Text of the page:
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Reviewed by:
  • Management Basics for Information Professionals
  • Robert P. Holley
Management Basics for Information Professionals, 2nd ed., G. Edward Evans and Patricia Layzell Ward . New York: Neal-Schuman Publishers, 2007. 567p. $65 (ISBN 978-1-55570-586-2)

I find more to like in the second edition of Management Basics for Information Professionalsby G. Edwards Evans and Patricia Layzell Ward than I did in the first edition (Neal-Schuman Publishers, 2000), which I also reviewed. Although the book is primarily "intended for students in archive, library, and related information [End Page 98]programs," I will focus my review on its secondary purpose as a source "for information professionals seeking a regular update of relevant sources of literature related to library and information center management." (p. xx)

The basic structure of the book remains the same. Part I gives background on defining management, a history of management theory, the operating environment, and diversity. Part II, "Management: Knowledge and Skills," is the longest, with 10 chapters that treat various management topics, including marketing, decision-making, delegation, and leadership. Part III, "Managing Resources," provides guidance on managing people, money, technology, and physical facilities. Part IV, "Career Development and Your Future," is the briefest section and concludes with the inevitable "looking forward." An extensive name index and subject index complete the volume.

Each chapter begins with two quotes that are less clichéd than usual and draw especially on the wisdom of Maurice Line and Peter Drucker. The authors break up each chapter with various text boxes that give, for example, additional resources, points to ponder, tips, or short exercises. The best new feature is the "key points to remember" that appear at the end of most chapters and some major sections. These points help the naïve reader by underscoring the most important lessons among multiple concepts of differing importance within the text. Chapters conclude with the list of references for items cited and what the authors call a "launching pad" instead of the more common "suggestions for further reading." With their generally recent publication dates, these "launching pad" resources can serve as a collective select bibliography of the best literature in the field.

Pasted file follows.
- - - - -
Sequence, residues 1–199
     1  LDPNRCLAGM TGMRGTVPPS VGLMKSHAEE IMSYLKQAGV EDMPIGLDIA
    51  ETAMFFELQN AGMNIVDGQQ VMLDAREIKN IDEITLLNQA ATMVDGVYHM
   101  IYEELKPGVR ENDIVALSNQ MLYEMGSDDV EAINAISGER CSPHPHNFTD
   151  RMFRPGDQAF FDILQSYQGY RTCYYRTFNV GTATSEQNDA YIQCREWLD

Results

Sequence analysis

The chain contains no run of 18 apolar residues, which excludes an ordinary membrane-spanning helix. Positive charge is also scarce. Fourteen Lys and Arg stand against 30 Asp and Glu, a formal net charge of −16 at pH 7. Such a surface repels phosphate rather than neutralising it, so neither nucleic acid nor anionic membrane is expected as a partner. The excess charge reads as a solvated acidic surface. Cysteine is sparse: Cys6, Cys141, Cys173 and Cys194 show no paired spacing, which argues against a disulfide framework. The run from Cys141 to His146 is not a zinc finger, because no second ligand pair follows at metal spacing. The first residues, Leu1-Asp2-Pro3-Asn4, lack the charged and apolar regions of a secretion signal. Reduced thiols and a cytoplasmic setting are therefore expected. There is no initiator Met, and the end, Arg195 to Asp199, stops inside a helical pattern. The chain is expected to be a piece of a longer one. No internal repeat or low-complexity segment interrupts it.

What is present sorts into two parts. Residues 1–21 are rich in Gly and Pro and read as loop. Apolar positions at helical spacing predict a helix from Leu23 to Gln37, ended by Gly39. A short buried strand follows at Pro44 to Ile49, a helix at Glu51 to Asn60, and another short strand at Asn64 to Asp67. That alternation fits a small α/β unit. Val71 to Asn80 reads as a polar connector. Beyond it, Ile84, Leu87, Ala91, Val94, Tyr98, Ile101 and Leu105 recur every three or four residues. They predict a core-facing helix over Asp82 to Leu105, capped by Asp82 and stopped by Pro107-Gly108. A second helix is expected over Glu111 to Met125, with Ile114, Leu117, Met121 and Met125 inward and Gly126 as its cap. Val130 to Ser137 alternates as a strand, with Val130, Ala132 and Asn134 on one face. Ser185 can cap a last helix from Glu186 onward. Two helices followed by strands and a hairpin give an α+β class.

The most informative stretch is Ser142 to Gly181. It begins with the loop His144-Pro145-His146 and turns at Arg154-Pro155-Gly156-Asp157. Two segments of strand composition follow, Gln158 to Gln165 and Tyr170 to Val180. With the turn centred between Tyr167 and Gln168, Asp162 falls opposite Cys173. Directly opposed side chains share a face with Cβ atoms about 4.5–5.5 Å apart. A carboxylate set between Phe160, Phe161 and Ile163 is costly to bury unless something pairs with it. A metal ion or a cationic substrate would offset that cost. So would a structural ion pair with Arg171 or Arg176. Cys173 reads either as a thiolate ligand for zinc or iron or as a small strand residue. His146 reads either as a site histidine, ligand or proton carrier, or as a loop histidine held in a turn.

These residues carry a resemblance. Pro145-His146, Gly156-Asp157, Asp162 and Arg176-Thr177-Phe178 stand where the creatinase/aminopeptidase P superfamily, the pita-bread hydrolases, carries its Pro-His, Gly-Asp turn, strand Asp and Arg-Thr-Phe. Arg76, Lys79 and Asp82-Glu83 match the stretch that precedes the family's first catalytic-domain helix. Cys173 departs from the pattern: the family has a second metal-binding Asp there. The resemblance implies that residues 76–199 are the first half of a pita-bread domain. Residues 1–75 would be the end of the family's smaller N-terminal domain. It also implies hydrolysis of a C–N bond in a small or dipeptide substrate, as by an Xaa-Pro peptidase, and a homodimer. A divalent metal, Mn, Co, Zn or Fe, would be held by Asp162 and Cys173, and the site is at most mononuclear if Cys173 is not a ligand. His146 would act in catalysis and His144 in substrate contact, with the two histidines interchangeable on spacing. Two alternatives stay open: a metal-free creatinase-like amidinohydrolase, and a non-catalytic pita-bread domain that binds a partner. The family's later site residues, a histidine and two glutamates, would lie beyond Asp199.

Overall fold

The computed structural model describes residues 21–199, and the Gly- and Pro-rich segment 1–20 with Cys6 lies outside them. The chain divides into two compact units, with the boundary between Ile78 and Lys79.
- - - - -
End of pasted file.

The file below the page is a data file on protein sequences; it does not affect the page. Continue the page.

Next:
While Evans and Ward have their didactic moments, they mostly avoid the temptation of offering "magic bullets" as a way to assure success, and they stress the ambiguities of both management theory and practice. Unlike a cookbook with prescribed recipes, they offer a list of ingredients and skills that can be combined to come up with tasty and not-so-tasty results. They provide examples of well-planned failures as well as successes and give a particularly absurd example of the inflexibility of rules in which one employee each year agreed to be "unacceptable" at performance appraisal time to satisfy management demands. These concrete examples, coupled with generally good writing, partially allay the terminal dullness found in so many textbooks and help avoid the smugness that I criticized in the first edition. Finally, they stress the differences between non-profit and for-profit management since this factor complicates the life of a library manager by requiring first a definition for "success," a simple given in the corporate world (namely, profit).

I would particularly like to recommend the chapter on managing money. It is useful for defining budget practicalities, such as cash or accrual accounting, and for stressing the principles of budgeting more than techniques such as zero-based budgeting that are often reduced in practice to nothing more than the common model of "last year plus or minus."

Readers might also consider the seventh edition of Library and Information Center Managementby Robert D. Stueart and Barbara B. Moran (Libraries Unlimited, 2007), published almost simultaneously. Both books are intended as library and information science texts and cover virtually identical topics. Any preference may be more a matter of taste than of substance. [End Page 99]

While Management Basicsremains more useful for those in large libraries with complex management structures, I would nonetheless recommend it for many information professionals as a better than average systematic introduction to management theory and practice. With its excellent organization, detailed table of contents, comprehensive indexes, and "key points to remember," it can...


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